Because I am a lucky duck, I got to go flying in a Piper last week. My first small plane experience!

I met my coworker’s Dad at Palo Alto airport. The plan was to fly across the bay to pick up two of my coworkers (one of them his daughter) at Hayward airport.

I watched him go through all the preflight checks. I didn’t want to interrupt so I just kept my mouth shut and tried to remember everything. Then we got in the plane. Controls and gauges galore! He said I could ask any questions I wanted, but I didn’t want to be distracting or talk over air traffic communications so I continued to keep my mouth shut and tried to remember some more.

Taxi. Get in line. Rev the engine. Our turn. Here we go!

It’s amazing how little speed it takes to get a plane off the ground. I could feel us gliding through the air as we climbed. Kind of trippy. Crazy cool.

A lever here, a knob there. Punching in numbers (air traffic frequencies). Punching in more numbers (transponder code).

Neighborhoods. Infrastructure. Trails.

Lots of tennis courts.

A few minutes later, Hayward. We did two landings, the first for licensing currency. Picked up my coworkers and we were off again. Same drill.

Spotted some REMOVE BEFORE FLIGHT tags on planes at the airport. That’s the first time I’ve seen them used for their intended purpose.

We flew north up the East Bay. I picked out my old apartment in Berkeley as well as the lab I worked in. Then we headed west over Angel Island and swung north again to head toward Mount Tamalpais. At this point I remembered that I’d forgotten to turn on my GPS to track the flight. Oh well.

When we reached Tamalpais we turned left toward the mountain to swing south. It was pretty amazing to look straight out the window and see the mountain level with the plane.

We got permission to fly through SFO airspace, so we headed back to Palo Alto straight down the Peninsula. Saw an A380 taxiing at SFO. It made the adjacent 737s and A320s look like toys.

Lots of helicopters along 101. Traffic reporters?

Hung a left over Moffett Field and then we were back on the ground in Palo Alto. That was so cool! I asked tons of questions at dinner about all the controls. I wanted to know what each dial and lever did and how that affected the plane. I learned about airspaces (they’re shaped like inverted wedding cakes) and air traffic communications and fit this into everything I’d heard over the course of the flight.

This flight demystified a lot about my understanding of basic plane function and air traffic procedures. I am so thrilled and grateful to have experienced it.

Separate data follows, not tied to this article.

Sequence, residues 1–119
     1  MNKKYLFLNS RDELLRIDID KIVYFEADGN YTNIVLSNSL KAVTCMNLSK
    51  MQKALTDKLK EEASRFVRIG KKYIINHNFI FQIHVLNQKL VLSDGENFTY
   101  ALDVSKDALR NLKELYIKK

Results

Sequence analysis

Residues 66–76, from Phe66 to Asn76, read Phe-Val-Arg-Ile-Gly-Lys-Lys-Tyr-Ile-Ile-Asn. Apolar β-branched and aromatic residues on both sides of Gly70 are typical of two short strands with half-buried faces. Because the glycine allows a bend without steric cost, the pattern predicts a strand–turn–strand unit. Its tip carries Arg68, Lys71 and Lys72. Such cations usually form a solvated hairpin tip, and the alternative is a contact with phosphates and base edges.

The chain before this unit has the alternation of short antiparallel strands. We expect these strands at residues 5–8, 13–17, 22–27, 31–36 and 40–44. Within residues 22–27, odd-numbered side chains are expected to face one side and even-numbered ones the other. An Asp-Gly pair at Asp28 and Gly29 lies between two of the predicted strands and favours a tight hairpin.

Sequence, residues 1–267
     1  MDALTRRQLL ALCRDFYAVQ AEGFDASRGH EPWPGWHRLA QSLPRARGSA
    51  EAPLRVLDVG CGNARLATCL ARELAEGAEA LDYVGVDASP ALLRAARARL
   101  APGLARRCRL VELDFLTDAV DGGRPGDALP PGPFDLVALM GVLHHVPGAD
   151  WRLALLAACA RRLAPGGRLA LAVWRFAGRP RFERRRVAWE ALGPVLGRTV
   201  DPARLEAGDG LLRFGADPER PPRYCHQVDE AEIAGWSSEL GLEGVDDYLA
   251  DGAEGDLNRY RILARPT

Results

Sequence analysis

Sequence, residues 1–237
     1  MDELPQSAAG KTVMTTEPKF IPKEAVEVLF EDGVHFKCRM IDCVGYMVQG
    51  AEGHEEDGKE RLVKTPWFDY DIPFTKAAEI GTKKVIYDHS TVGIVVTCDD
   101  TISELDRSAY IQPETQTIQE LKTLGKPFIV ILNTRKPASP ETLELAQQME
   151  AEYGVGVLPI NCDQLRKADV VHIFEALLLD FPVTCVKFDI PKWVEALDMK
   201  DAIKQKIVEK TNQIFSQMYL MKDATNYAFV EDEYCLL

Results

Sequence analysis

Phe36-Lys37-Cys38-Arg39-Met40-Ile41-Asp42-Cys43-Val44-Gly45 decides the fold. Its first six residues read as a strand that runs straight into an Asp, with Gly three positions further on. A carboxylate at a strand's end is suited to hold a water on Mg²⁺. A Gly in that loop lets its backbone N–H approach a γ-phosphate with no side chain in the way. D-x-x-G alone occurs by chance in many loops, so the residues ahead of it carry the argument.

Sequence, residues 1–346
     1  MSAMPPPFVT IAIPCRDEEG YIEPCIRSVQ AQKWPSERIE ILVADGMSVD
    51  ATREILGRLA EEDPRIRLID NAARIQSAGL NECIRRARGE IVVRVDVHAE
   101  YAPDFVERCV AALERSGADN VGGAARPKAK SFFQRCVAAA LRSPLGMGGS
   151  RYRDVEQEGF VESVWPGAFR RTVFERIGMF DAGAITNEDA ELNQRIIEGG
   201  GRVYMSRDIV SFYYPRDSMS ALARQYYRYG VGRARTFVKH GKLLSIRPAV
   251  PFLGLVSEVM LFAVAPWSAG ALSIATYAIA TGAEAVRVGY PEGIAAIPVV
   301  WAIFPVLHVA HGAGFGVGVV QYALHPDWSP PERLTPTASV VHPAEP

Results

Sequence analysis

I was super tired when I got home and fell asleep a couple hours before my usual bedtime. I think my brain was overwhelmed by everything it had just taken in. I haven’t observed and learned that intensely since I was a kid.

Maybe that’s why kids sleep so much.


  1. So cool! I’ve known a couple of private pilots in the past and they tell some fascinating stories. I love the way small planes are like old cars or motorcycles, everything is simple (lots of gauges, true), non cluttered and anything you do directly affects the performance of the machine. I used to watch the show “Flying Wild Alaska” (pretty much the only reality show I ever watched) because those guys were bush pilots flying tiny planes into and out of some crazy situations while dealing with icing, weight, center of gravity and bears (oh my!) :-D

    As far as kids, watching Blair and Abi grow up made me realize that to a kid, today is the most amazing, sad, terrible, wonderful, great, scary, fun, etc. etc. etc. day of their life. As was yesterday and as will be tomorrow. Without a real frame of reference built up yet, it’s got to be a wild ride being a kid. Everything is new and needs to be learned. No wonder they take so many naps :-)

  2. So much fun! My first experience in a Piper Cub was when I was 9 or 10, living in rural Minnesota. A local guy had one and would often take kids up for short flights around the area. He flew to our place in the middle of winter and landed on the frozen lake!! I still remember how the world looked so different from above than from below. Mind-blowing.

Leave a Reply

Your email address will not be published. Required fields are marked *